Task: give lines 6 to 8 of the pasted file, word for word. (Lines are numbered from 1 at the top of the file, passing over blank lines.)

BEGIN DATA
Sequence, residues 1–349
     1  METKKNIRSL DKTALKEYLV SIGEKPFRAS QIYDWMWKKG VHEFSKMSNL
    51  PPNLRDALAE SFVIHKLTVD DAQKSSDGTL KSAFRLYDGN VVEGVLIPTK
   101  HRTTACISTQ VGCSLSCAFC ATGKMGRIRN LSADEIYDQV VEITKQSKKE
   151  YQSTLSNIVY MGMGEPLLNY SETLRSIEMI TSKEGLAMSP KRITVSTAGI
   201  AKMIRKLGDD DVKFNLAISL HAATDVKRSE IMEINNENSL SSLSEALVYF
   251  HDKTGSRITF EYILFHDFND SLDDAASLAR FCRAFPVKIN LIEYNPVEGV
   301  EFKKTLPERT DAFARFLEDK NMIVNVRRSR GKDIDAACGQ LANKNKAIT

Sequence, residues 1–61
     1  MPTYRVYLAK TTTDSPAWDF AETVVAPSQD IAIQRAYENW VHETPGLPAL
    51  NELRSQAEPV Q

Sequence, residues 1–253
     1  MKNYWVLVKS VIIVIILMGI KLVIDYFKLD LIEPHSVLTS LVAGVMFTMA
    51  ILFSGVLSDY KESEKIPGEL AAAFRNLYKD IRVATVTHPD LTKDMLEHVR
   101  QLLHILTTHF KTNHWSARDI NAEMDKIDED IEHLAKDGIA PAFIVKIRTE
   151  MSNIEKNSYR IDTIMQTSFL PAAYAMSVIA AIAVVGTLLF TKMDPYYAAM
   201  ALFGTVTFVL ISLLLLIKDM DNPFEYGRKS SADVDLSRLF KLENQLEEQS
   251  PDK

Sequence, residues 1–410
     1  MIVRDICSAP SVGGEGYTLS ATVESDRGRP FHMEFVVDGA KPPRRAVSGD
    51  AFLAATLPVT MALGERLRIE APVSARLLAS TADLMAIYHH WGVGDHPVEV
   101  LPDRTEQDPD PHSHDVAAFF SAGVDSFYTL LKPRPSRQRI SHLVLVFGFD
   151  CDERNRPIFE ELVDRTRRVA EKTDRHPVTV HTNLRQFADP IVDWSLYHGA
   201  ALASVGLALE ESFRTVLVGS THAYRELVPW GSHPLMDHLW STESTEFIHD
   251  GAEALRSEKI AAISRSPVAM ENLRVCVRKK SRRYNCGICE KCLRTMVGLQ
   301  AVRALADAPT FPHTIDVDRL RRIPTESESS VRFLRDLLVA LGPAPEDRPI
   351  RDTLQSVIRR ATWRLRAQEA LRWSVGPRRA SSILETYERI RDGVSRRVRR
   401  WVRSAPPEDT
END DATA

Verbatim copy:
   201  AKMIRKLGDD DVKFNLAISL HAATDVKRSE IMEINNENSL SSLSEALVYF
   251  HDKTGSRITF EYILFHDFND SLDDAASLAR FCRAFPVKIN LIEYNPVEGV
   301  EFKKTLPERT DAFARFLEDK NMIVNVRRSR GKDIDAACGQ LANKNKAIT